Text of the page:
ORIGINAL ARTICLE

Quickert procedure for involutional lower eyelid entropion: a multi-centre study

Rodiah Rahmawaty Lubis , Novie Diana Sari, Herna Hutasoit

Rodiah Rahmawaty Lubis
Department of Ophthalmology, Faculty of Medicine, Universitas Sumatera Utara, Medan, Indonesia. Email: [email protected]

Novie Diana Sari
Department of Ophthalmology, Haji Adam Malik General Hospital, Medan, Indonesia

Herna Hutasoit
Department of Ophthalmology, Haji Adam Malik General Hospital, Medan, Indonesia
Online First: September 27, 2020 | Cite this Article
Lubis, R., Sari, N., Hutasoit, H. 2020. Quickert procedure for involutional lower eyelid entropion: a multi-centre study. Bali Medical Journal 9(3): 636-639. DOI:10.15562/bmj.v9i3.1972


Background: Involutional entropion is the inward turning of the eyelid margin and commonly happens in the inferior eyelids in elderly people. The prevalence is as high as 2.1% in people ≥ 60 years old and more common in women than men. This condition may cause ocular surface irritation and discomfort secondary to contact between cilia and the ocular surface. Several etiological factors are suspected to be important causes of involutional entropion. One of them was horizontal eyelid laxity. Quickert Procedure is one of the surgical interventions recommended to correct involutional lower eyelid entropion in the elderly Asian population with 0% of recurrent entropion in a recent study by Miyamoto et al.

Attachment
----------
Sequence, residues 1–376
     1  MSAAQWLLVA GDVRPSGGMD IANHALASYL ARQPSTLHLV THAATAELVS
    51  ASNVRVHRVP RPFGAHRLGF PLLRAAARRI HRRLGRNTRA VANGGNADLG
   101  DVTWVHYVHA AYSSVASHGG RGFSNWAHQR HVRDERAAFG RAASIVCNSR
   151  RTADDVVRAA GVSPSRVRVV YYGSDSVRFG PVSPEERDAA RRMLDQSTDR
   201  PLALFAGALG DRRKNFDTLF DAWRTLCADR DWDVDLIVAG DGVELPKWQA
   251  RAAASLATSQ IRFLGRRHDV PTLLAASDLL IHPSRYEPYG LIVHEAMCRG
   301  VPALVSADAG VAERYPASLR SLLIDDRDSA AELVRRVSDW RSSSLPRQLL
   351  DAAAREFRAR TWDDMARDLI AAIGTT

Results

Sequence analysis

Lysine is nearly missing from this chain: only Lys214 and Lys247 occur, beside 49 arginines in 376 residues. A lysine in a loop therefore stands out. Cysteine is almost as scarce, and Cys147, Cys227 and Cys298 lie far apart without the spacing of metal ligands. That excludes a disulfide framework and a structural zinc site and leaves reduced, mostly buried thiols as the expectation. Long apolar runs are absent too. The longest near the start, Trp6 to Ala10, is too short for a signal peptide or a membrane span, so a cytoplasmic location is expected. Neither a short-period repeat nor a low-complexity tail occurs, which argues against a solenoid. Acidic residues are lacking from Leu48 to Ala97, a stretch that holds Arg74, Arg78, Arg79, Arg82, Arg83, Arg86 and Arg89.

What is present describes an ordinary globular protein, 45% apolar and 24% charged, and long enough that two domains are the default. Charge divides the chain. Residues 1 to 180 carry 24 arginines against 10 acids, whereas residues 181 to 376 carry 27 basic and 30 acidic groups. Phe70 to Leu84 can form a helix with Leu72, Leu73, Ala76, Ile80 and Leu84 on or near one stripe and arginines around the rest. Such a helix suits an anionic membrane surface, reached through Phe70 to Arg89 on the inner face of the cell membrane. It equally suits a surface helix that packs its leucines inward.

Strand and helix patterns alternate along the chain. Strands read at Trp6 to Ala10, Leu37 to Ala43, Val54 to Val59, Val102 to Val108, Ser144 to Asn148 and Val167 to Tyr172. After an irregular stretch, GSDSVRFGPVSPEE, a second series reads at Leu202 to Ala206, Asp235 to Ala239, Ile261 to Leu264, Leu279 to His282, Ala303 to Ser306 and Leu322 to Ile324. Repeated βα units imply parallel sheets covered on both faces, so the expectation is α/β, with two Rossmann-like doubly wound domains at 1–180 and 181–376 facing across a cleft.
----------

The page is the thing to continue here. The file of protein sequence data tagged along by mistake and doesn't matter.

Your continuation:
Methods: This is a descriptive retrospective study of 16 involutional lower eyelid entropion patients (18 eyelids) that needed surgical correction.  About ten males and six females were undergone Quickert procedure to correct the involutional entropion. Patients were assessed postoperatively for 24 months to evaluate the recurrence entropion, cosmetic, and functional improvement. Data were analyzed by SPSS version 20 for Windows.

Results: This study included 16 patients, with mean age was 69.8 years old which range from 62-85 years old. They consisted of 9 (56.0%) patients were male, and the rest was female (44.0%). Eleven (61.0%) patients were with left eye laterality, and 10 (63.0%) patients found without anticoagulant consumption. All patients (100.0%) had positive snapback test and achieved >6 mm in distraction test. After surgical intervention, no patients (0.0%) were found to experience recurrence of involutional entropion nor ocular discomfort due to prior surgery.

Conclusion: A detailed assessment of the etiology, accurate preoperative evaluation, and precision in addressing patients underlying eyelid anatomic abnormalities are needed in the selection of appropriate surgical procedures to correct entropion.

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